We examined the magnitude of and trends in the burden of out-of-pocket (OOP) costs among Medicare beneficiaries age 65 years or older with diabetes overall, by income level, by race/ethnicity, and compared with beneficiaries without diabetes.


Using data from the 1999−2017 Medicare Current Beneficiary Survey, we estimated average annual per capita OOP costs and percentage of beneficiaries experiencing high OOP burden, defined as OOP costs >10% or >20% of household income. We used joinpoint regression to examine the trends and generalized linear model and logistic regression for comparisons between beneficiaries with and without diabetes. Cost and income estimates were adjusted to 2017 USD.


Total OOP costs were $3,609–$5,283, with significant increases until 2005 followed by a leveling off. The prevalence of high OOP burden was 57%–72% at the 10% income threshold and 29%–41% at the 20% threshold, with significant increasing trends until 2003 followed by decreases. Total OOP costs were the highest in the ≥75% income quartile, whereas prevalence of high OOP burden was highest in the <25% and 25–50% income quartiles. Non-Hispanic Whites had the highest OOP costs and prevalence of high OOP burden. Beneficiaries with diabetes had significantly higher OOP costs ($498, P < 0.01) and were more likely to have high OOP burden than those without diabetes (odds ratios 1.32 and 1.25 at >10% and >20% thresholds, respectively, P < 0.01).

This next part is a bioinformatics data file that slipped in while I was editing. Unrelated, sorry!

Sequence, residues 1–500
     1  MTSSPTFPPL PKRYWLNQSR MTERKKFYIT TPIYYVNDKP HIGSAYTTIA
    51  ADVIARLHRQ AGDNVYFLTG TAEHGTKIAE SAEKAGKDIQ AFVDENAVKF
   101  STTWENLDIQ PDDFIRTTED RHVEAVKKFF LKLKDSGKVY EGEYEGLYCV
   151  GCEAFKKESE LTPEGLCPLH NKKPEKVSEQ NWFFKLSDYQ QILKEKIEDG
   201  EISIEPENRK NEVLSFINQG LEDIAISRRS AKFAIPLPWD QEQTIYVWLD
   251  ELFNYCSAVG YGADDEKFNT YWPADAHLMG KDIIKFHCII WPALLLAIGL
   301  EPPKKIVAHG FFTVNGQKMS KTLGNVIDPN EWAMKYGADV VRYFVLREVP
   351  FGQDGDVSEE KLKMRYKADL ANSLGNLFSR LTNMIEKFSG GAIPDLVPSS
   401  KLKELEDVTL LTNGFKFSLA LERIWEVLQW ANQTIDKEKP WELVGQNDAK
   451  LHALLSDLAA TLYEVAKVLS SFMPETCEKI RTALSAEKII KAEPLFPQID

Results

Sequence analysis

Over the past two decades, Medicare beneficiaries age 65 years or older with diabetes have faced substantial OOP burden, with large income-related disparities.

This article contains supplementary material online at https://doi.org/10.2337/figshare.14611329.

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The findings and conclusions in this study are those of the authors and do not necessarily represent the official position of the Centers for Disease Control and Prevention.

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